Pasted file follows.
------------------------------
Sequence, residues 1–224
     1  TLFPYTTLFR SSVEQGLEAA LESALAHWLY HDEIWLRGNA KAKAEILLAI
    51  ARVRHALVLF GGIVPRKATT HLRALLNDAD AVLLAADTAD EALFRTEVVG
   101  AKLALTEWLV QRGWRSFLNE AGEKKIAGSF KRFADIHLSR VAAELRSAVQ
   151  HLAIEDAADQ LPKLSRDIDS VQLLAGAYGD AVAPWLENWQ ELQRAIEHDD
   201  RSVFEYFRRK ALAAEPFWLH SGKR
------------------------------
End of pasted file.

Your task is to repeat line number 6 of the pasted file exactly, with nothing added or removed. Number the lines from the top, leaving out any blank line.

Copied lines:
   201  RSVFEYFRRK ALAAEPFWLH SGKR